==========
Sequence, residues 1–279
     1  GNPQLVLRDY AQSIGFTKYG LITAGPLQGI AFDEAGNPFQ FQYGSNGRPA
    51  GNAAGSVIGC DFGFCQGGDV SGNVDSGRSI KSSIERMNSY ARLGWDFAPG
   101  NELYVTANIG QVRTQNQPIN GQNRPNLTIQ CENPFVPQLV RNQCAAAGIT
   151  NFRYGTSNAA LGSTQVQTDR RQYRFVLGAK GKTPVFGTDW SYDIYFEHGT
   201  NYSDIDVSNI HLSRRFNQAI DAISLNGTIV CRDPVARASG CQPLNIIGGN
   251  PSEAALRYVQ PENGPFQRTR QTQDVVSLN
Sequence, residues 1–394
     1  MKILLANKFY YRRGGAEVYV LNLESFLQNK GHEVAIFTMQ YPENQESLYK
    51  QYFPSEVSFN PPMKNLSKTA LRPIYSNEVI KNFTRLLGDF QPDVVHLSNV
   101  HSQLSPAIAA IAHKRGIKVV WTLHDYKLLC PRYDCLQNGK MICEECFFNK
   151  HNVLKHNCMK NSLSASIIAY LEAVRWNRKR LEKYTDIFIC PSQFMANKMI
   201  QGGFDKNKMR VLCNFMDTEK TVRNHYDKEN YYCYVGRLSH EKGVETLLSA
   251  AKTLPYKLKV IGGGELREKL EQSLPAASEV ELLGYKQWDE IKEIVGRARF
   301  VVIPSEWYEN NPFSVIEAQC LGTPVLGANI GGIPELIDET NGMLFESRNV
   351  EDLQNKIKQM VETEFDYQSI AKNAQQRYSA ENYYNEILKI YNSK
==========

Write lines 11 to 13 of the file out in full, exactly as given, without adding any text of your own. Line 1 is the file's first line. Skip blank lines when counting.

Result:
   101  HSQLSPAIAA IAHKRGIKVV WTLHDYKLLC PRYDCLQNGK MICEECFFNK
   151  HNVLKHNCMK NSLSASIIAY LEAVRWNRKR LEKYTDIFIC PSQFMANKMI
   201  QGGFDKNKMR VLCNFMDTEK TVRNHYDKEN YYCYVGRLSH EKGVETLLSA